Let me start with this: fungus gnats are MINIMALLY damaging to houseplants when you compare them to other pests like mealy bugs, thrips, scale, aphids, and spider mites. If you see one or two every now and then, I really wouldn’t be too concerned – still try to control them, but don’t worry too much about your plant.
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Adults: adult fungus gnats are the little black flies that fly erratically and annoyingly close to your face, especially if you’re using your phone at night. Adults lay eggs in the top inch of houseplant soil so the best way to control them is with yellow sticky traps or a dish with soapy water – they fly in and drown.
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Larvae: when you disturb the soil by watering or probing, look for tiny silvery insects crawling rapidly around soil particles – these are the fungus gnat larvae! You can repot the plant, replacing as much of the old soil as possible or water with mosquito bits:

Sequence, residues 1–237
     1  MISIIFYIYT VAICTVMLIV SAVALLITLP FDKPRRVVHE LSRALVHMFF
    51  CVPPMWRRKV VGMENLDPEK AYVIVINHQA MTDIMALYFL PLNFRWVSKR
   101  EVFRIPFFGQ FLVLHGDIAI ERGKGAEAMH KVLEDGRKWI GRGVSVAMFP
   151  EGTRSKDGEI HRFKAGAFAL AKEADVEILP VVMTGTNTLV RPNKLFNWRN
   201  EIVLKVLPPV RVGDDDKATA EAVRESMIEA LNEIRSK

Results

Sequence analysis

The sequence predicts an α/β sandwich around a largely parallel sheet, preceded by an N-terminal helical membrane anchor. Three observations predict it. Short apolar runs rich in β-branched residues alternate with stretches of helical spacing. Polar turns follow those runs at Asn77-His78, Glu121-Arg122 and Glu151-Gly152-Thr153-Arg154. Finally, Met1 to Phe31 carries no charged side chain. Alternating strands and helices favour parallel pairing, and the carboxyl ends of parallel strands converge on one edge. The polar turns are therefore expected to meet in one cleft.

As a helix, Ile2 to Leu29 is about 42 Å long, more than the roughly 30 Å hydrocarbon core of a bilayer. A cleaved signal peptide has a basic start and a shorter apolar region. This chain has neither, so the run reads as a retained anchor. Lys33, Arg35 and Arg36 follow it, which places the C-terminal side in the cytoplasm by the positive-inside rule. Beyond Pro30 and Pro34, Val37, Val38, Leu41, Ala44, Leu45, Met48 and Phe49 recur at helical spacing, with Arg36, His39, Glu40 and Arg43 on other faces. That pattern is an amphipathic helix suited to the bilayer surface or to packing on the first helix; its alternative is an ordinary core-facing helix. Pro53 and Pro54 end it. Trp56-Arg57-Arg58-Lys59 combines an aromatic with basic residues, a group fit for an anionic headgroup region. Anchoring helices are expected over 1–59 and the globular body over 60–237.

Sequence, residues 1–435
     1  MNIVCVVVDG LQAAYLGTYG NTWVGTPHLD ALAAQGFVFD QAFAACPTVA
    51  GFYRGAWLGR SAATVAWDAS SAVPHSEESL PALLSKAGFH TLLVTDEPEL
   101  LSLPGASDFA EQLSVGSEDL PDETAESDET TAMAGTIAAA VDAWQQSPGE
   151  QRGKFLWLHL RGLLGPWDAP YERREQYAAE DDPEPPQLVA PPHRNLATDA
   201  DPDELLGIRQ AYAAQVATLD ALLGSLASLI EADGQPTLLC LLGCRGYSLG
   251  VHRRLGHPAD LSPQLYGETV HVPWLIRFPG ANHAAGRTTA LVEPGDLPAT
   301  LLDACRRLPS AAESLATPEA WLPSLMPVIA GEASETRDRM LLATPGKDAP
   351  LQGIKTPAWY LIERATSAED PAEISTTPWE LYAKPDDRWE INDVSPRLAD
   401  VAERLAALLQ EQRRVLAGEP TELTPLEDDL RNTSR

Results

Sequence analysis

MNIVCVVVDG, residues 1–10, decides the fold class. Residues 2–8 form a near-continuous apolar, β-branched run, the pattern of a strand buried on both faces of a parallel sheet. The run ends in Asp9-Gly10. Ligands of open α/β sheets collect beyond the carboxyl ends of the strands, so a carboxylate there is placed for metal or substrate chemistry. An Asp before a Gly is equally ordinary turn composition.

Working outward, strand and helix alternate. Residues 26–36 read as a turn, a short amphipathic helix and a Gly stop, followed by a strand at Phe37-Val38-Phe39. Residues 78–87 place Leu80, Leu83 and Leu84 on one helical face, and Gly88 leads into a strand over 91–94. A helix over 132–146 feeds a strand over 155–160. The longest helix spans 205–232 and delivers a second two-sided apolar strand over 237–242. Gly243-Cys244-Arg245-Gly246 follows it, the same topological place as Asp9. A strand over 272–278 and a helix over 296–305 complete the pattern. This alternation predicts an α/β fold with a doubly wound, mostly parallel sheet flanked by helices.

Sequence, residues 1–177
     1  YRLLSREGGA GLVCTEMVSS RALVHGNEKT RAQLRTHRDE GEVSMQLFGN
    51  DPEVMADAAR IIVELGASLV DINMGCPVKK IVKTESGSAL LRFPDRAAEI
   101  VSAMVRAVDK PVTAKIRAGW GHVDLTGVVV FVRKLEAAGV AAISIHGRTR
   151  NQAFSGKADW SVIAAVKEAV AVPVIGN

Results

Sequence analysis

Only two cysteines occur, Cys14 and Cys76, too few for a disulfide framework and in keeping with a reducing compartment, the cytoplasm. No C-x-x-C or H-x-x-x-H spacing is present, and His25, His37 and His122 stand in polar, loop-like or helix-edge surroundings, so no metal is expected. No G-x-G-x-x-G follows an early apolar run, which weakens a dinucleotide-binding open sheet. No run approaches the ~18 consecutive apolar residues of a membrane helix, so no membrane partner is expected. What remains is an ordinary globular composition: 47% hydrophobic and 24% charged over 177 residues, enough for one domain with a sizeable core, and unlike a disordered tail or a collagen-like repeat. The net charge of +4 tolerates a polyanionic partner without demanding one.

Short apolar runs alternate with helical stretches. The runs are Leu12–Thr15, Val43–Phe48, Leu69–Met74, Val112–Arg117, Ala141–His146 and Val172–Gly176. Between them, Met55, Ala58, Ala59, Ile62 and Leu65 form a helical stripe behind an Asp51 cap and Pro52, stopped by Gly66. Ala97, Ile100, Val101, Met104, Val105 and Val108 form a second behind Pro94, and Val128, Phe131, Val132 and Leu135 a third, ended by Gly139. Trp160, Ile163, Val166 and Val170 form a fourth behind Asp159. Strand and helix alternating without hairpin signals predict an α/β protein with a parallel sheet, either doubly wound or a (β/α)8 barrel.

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The reason they are called “Fungus gnats” is because the larvae feed on FUNGUS in the soil. Fungus grows best in soil rich in compost, which is decaying organic matter. While compost is great for outdoor soils, it is a fungus gnat MAGNET when used for indoor plants.
A very effective way to eliminate the breeding grounds of fungus gnats is to avoid using compost in your planting medium – this is called a “soilless mix.”
Such a mix would be composed of a mixture of any of the following in different ratios: peat moss, coconut coir, perlite, vermiculite, or coarse sand.
Decaying organic matter provides the NPK and other nutrients needed by plants so with a soilless mix, you need to supplement it with fertilizers (synthetic or organically derived).
If you’d rather watch this in video form, here you go:
In small numbers, fungus gnats are more of a nuisance than a true pest – I’ve never seen a plant DIE from a few fungus gnats. If you have hundreds or thousands, that might be a different story – and possibly grounds for discarding the entire plant to truly prevent spreading.
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